The Federal Bureau of Investigation (FBI) admitted Friday that it received a tip in January on Nikolas Cruz, the Florida school shooter who killed 17 people earlier this week, but failed to follow up.
The FBI said in a statement that a person close to the shooter called the agency's tip line on January 5 to warn about "Cruz's gun ownership, desire to kill people, erratic behavior, and disturbing social media posts, as well as the potential of him conducting a school shooting."
The statement came two days after Cruz, 19, opened fire with an AR-15 rifle at students and teachers at Marjory Stoneman Douglas High School in the city of Parkland in Broward County, just north of Miami on the state's southeastern tip.
Besides the 17 killings, the shooting also injured 14 others.
"Under established protocols, the information provided by the called should have been assessed as a potential threat of life," the FBI statement said. "The information then should have been forward to the FBI Miami Field Office, where appropriate investigative steps would have been taken."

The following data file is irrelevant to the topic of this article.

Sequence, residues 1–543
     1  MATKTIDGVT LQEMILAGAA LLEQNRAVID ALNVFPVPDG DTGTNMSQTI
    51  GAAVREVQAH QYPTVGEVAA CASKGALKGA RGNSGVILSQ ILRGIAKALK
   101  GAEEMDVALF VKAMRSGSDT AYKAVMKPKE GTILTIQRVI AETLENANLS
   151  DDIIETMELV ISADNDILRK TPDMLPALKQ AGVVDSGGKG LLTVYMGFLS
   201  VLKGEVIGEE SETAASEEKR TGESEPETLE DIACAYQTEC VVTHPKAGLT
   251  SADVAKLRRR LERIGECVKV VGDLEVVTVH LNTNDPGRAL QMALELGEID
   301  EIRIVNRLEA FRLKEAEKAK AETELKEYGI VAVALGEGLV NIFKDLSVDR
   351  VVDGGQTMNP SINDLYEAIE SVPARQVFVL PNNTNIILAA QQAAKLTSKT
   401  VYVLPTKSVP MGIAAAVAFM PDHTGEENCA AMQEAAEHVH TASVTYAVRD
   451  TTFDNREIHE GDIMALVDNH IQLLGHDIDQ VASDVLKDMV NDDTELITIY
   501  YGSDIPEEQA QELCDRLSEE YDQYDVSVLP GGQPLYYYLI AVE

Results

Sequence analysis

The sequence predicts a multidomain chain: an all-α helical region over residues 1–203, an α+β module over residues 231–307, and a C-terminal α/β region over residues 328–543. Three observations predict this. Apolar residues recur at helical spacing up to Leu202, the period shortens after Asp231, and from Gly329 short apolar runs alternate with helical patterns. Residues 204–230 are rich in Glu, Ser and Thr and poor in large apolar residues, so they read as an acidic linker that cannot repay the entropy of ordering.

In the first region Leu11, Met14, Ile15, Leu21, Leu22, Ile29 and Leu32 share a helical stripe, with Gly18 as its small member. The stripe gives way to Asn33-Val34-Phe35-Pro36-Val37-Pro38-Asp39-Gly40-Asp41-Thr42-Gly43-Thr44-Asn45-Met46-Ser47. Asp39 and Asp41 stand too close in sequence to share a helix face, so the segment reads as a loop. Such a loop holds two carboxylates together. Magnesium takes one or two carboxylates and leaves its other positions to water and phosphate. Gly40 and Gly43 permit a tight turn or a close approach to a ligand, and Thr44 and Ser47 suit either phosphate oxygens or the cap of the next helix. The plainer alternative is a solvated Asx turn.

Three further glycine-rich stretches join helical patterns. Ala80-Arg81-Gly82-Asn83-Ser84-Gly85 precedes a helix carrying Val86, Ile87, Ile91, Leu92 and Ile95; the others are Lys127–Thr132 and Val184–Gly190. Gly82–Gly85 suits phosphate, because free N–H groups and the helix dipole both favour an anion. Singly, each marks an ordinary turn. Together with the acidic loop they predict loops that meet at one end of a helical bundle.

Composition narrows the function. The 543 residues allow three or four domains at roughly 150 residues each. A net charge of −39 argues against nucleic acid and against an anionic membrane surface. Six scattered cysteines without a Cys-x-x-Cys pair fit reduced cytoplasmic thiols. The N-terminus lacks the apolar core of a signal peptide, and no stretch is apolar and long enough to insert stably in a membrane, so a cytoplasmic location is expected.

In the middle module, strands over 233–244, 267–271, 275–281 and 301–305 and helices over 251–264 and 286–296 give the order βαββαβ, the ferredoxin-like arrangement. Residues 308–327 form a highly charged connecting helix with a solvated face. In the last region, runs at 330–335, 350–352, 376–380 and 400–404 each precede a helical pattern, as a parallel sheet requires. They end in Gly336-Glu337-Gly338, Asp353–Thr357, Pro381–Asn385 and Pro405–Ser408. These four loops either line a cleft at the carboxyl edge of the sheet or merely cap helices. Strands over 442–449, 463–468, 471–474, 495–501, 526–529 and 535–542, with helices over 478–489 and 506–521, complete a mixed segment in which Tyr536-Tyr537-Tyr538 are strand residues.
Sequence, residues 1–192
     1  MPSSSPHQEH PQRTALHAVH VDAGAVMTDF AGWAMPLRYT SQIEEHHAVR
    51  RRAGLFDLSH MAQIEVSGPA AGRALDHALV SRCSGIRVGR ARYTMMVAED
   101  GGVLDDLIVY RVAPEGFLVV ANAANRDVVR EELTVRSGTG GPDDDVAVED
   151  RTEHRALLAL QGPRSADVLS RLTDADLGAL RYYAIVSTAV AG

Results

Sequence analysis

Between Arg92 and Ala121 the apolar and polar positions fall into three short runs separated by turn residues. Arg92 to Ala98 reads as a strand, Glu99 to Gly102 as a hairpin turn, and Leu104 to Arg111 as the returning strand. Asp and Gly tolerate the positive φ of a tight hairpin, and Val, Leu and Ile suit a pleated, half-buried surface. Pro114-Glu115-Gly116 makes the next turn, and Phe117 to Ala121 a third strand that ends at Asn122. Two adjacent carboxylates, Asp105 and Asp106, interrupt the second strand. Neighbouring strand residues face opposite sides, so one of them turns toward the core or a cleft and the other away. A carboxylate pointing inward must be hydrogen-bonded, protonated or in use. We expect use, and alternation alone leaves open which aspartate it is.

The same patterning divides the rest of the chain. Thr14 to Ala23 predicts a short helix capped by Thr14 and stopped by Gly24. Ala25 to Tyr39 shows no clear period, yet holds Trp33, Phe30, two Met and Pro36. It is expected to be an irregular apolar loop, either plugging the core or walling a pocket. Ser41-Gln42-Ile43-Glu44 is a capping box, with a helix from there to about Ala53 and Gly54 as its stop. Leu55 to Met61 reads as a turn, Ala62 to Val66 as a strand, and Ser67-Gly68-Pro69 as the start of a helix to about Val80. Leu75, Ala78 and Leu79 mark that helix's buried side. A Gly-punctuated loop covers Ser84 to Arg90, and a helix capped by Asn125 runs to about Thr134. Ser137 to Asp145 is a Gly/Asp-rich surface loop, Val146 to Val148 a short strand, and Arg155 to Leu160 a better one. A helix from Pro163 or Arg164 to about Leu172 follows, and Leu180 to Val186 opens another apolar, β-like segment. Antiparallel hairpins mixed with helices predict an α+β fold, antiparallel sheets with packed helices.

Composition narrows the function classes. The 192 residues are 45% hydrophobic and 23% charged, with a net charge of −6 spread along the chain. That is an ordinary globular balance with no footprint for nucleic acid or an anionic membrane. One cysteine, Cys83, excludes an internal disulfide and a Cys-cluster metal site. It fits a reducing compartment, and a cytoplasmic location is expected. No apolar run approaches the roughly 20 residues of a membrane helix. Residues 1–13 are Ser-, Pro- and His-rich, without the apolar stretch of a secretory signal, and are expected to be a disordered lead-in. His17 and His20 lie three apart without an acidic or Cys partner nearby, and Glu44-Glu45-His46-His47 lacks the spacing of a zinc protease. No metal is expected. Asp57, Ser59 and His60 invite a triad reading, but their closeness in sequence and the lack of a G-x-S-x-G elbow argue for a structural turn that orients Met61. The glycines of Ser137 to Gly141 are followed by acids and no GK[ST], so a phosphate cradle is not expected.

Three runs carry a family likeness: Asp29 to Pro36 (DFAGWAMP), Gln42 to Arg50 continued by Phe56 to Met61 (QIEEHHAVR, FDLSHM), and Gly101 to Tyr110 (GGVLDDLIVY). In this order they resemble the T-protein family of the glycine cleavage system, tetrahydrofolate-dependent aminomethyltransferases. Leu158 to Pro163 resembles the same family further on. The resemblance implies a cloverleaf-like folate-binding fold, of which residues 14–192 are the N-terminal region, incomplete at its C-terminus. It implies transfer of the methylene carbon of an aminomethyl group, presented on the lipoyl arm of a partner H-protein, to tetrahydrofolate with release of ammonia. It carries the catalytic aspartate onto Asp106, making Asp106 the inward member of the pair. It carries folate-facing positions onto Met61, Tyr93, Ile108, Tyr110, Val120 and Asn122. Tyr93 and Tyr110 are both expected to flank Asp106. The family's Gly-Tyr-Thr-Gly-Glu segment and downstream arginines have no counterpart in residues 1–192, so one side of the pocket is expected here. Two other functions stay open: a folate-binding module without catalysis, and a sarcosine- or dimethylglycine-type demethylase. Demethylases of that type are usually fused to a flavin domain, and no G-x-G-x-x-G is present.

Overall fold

The FBI said that those protocols were not followed for the January tip, therefore the information was not provided to the Miami office, and no further investigation was conducted at that time.
Wednesday's massacre raised concerns about potential failure in school security and sparks ongoing U.S. debates on gun control.
"We are still investigating the facts," FBI Director Christopher Wray said. "We have spoken with victims and families, and deeply regret the additional pain this causes all those affected by this horrific tragedy."
Cruz, who was expelled from the school for disciplinary reasons, made a brief court appearance on Thursday and was ordered held without bond.